About my data, I admit I was partly wrong – “Shortly after Fidel Castro came into power and during the early years of the revolutionary period, about 215,000 Cubans immigrated to the U.S” – http://www.usimmigrationsupport.org/cubanimmigration.html

    The ‘rafters’ from the 90?s – present represents the other big chunk of Cuban emigrants –
    “Cubans had been entering the United States on a continuous basis after Fidel Castro took over, but it was not until the summer of 1994 that the U.S. experienced a huge wave of immigrants from Cuba.”

    And what about your “statistical information about Cuba, one can see that the Cuban population will start shrinking soon.”?

  • About the shrinking Raul Castro have mentioned himself if I recall correctly. This is know information.

    See here an article I wrote about similarities between Cuba and Russia and North Korea Population growth (Spanish only)

    http://www.cubaencuentro.com/cuba/articulos/la-voz-de-cuba-270147

    Luis, Here is more on the shrinking

    the information comes from “Oficina Nacional de Estadísticas” Cuban National Office of Statistics.

    http://www.cubaencuentro.com/cuba/noticias/la-poblacion-de-la-isla-decrecio-en-2010-por-menos-nacimientos-262821

    For the birth rate information see this
    Cuba is 192 in the list that means the closer to the bottom the lower the birth rate is.

    There was one speech Raul mentioned that they were increasing the age for retirement and the reason I believe he gave was because Cuban population was changing. Too few young people and too many old. I look for the speech and posted here if I find it.

    http://www.indexmundi.com/g/r.aspx?v=25

    Luis

    Here is some statistical information about Cuban migration

    https://lh5.googleusercontent.com/-mfOQBKC-8aE/TufG2aNRypI/AAAAAAAAAXQ/8-qFwWPDil0/s576/migr.png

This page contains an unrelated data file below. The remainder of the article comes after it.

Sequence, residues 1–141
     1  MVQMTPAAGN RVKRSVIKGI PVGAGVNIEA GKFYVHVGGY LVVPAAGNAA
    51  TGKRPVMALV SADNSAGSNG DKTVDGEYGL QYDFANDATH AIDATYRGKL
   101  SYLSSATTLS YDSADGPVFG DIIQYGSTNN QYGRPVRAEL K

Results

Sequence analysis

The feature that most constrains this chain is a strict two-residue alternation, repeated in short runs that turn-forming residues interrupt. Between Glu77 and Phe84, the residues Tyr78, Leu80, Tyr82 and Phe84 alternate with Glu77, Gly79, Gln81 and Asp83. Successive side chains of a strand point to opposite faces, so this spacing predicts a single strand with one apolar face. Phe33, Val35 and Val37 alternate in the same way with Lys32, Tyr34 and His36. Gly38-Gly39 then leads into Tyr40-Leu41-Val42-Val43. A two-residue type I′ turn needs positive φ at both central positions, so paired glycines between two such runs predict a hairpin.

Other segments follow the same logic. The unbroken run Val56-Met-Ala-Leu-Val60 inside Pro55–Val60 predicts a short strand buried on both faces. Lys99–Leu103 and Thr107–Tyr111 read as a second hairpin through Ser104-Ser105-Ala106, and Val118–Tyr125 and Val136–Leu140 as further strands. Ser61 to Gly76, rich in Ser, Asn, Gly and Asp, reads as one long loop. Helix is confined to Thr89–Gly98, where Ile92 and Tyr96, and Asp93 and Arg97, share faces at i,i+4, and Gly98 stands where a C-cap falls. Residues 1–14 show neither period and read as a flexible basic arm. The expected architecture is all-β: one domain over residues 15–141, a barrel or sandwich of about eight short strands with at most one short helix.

The graph is from a link here

    http://foresightcuba.com/2011/12/12/demografia-2/

    • Luis

      I’ve read your article and your conclusion is possibly wrong for the same principle of “Correlation does not imply causation”, as:

      1. You don’t make a deep analysis of North Korea demographics
      2. Many countries in Europe also show similar population shrinking – http://en.wikipedia.org/wiki/File:Demographics_of_Europe.svg and http://upload.wikimedia.org/wikipedia/en/thumb/e/e9/World_population_evolution.png/300px-World_population_evolution.png

      • Luis I agree this issue deserves a deeper analysis that only few people can make. We have very little statistical information from Cuba.
        It is undeniable that there is a huge migration that can not be hide away. No matter what, they are there, well I mean everywhere ! Europe, US, Russia, even in Africa and Australia. If they had permanent settlements in the north pole they already probably have a Cuban :-) well maybe that’s going too far!

        Anyways, I do not think my conclusion is incorrect.

        Totalitarian regimes do produce this typical curve the same kind of curve that Cuba has. My hypothesis is that is link to the totalitarian nature of the system. Of course this is difficult to prove specially since totalitarian regimes do not like to submit themselves to inspection.

        • Luis

          “Anyways, I do not think my conclusion is incorrect.”

          Of course you don’t ;-)

  • By the way Luis.
    From the graph I placed about the migration from 1962 to 2011 the total comes out at 1.45 millions
    with about 782,000 from 1962 to 1990 that will probably make a total of about 1 million (The numbers from 1959,1960, 1961) are not included and very likewise the migration in those first years was extremely high.
    We do not know if this numbers include only the legal migration or everything.

    • Luis

      What’s difficult is to establish a common parameter for Cuban migration – my data says one thing, your graph shows another figure, Wikipedia says something completely different and so on.

  • Luis

    This one is one of the graph about possible predictions for the population of Cuba in the coming years

    https://lh5.googleusercontent.com/-yiUFis45uug/TufG3JCvJFI/AAAAAAAAAXo/d7TE0DpzxJA/s720/pobl%2Bde%2Bcuba.png

    This comes from the same site as before.

    With the information I provided above I show that your statement about the majority of Cuban going out after the special period is false. Even the Cuban regime knows this. That there is a correlation between the migration and their regime be economical or political it does not matter since the end result is the same. People running away from them.
    If they were sure that people will not go they would have allow exits a long time ago.

  • Luis

    “With the information I provided above I show that your statement about the majority of Cuban going out after the special period is false.”

    Since I’ve already admitted that I was partly wrong, this is a no-point.